In this example, the heat equation in two dimensions predicts that if one area of an otherwise cool metal plate has been heated, say with a torch, over time the temperature of that area will gradually decrease, starting at the edge and moving inward. Meanwhile the part of the plate outside that region will be getting warmer. Eventually the entire plate will reach a uniform intermediate temperature. In this animation, both height and color are used to show temperature.
The heat equation is a parabolic partial differential equation that describes the distribution of heat (or variation in temperature) in a given region over time.
Contents

Statement of the equation 1

General description 2

The physical problem and the equation 3

Derivation in one dimension 3.1

Threedimensional problem 3.2

Internal heat generation 3.3

Solving the heat equation using Fourier series 4

Generalizing the solution technique 4.1

Heat conduction in nonhomogeneous anisotropic media 5

Fundamental solutions 6

Some Green's function solutions in 1D 6.1

Homogeneous heat equation 6.1.1

Inhomogeneous heat equation 6.1.2

Examples 6.1.3

Meanvalue property for the heat equation 7

Stationary heat equation 8

Applications 9

See also 10

Notes 11

References 12

External links 13
Statement of the equation
For a function u(x,y,z,t) of three spatial variables (x,y,z) (see cartesian coordinates) and the time variable t, the heat equation is

\frac{\partial u}{\partial t} \alpha\left(\frac{\partial^2u}{\partial x^2}+\frac{\partial^2u}{\partial y^2}+\frac{\partial^2u}{\partial z^2}\right)=0
More generally in any coordinate system:

\frac{\partial u}{\partial t}  \alpha \nabla^2 u=0

where α is a positive constant, and Δ or ∇^{2} denotes the Laplace operator. In the physical problem of temperature variation, u(x,y,z,t) is the temperature and α is the thermal diffusivity. For the mathematical treatment it is sufficient to consider the case α = 1.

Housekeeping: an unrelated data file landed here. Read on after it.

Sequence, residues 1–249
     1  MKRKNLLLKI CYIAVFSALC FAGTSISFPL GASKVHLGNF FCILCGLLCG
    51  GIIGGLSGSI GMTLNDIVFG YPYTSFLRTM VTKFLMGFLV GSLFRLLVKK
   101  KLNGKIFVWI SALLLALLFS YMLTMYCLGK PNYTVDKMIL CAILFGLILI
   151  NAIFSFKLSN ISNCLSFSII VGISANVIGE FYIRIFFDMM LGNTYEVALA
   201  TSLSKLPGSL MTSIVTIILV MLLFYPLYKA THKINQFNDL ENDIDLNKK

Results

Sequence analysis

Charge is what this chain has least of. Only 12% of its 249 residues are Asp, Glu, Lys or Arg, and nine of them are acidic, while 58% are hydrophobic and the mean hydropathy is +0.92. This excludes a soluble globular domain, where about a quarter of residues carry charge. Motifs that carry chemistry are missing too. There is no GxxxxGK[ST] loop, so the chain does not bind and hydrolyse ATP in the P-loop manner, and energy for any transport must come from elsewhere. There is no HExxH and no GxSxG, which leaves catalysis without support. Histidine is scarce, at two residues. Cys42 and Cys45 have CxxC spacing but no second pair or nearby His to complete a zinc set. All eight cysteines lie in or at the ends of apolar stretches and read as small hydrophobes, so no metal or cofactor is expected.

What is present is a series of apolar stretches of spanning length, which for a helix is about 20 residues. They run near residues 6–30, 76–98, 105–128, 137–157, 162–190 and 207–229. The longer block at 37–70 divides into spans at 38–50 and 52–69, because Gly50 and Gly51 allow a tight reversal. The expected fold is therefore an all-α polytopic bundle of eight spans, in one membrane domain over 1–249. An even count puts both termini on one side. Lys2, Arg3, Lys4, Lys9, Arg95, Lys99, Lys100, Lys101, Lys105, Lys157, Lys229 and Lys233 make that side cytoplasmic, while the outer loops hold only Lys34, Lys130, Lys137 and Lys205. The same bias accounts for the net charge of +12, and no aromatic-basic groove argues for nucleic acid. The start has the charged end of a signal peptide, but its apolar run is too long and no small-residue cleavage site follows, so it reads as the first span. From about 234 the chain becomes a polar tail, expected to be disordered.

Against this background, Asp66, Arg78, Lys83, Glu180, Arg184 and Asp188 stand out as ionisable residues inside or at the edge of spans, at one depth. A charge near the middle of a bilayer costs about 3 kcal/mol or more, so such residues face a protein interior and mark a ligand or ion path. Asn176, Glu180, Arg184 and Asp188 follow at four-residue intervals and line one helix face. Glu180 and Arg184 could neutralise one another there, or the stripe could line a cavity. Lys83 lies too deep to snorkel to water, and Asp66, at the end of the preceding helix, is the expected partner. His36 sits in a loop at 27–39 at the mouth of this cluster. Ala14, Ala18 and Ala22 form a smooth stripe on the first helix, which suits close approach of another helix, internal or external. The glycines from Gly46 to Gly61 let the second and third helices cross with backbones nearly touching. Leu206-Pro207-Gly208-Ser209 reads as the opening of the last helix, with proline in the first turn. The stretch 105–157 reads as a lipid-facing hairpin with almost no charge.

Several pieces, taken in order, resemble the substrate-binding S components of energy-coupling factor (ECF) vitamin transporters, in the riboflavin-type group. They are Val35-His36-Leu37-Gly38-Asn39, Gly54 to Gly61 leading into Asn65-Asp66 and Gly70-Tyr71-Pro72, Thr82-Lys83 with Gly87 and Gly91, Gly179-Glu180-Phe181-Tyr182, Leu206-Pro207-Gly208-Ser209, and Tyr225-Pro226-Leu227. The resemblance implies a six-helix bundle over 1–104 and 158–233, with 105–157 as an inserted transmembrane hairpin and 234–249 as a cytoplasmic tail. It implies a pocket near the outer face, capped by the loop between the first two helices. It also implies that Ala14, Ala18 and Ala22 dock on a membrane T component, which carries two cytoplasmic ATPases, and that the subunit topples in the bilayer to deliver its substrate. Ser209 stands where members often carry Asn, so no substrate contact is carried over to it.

The heat equation is of fundamental importance in diverse scientific fields. In mathematics, it is the prototypical parabolic partial differential equation. In probability theory, the heat equation is connected with the study of Brownian motion via the Fokker–Planck equation. In financial mathematics it is used to solve the Black–Scholes partial differential equation. The diffusion equation, a more general version of the heat equation, arises in connection with the study of chemical diffusion and other related processes.
General description
Solution of a 1D heat partial differential equation. The temperature (u) is initially distributed over a onedimensional, oneunitlong interval (x = [0,1]) with insulated endpoints. The distribution approaches equilibrium over time.
Suppose one has a function u that describes the temperature at a given location (x, y, z). This function will change over time as heat spreads throughout space. The heat equation is used to determine the change in the function u over time. The rate of change of u is proportional to the "curvature" of u. Thus, the sharper the corner, the faster it is rounded off. Over time, the tendency is for peaks to be eroded, and valleys filled in. If u is linear in space (or has a constant gradient) at a given point, then u has reached steadystate and is unchanging at this point.
The image to the right is animated and describes the way heat changes in time along a metal bar. One of the interesting properties of the heat equation is the maximum principle that says that the maximum value of u is either earlier in time than the region of concern or on the edge of the region of concern. This is essentially saying that temperature comes either from some source or from earlier in time because heat permeates but is not created from nothingness. This is a property of parabolic partial differential equations and is not difficult to prove mathematically (see below).
Another interesting property is that even if u has a discontinuity at an initial time t = t_{0}, the temperature becomes smooth as soon as t > t_{0}. For example, if a bar of metal has temperature 0 and another has temperature 100 and they are stuck together end to end, then very quickly the temperature at the point of connection will become 50 and the graph of the temperature will run smoothly from 0 to 100.
The heat equation is used in probability and describes random walks. It is also applied in financial mathematics for this reason.
It is also important in Riemannian geometry and thus topology: it was adapted by Richard Hamilton when he defined the Ricci flow that was later used by Grigori Perelman to solve the topological Poincaré conjecture.
The physical problem and the equation
Derivation in one dimension
The heat equation is derived from Fourier's law and conservation of energy (Cannon 1984). By Fourier's law, the rate of flow of heat energy per unit area through a surface is proportional to the negative temperature gradient across the surface,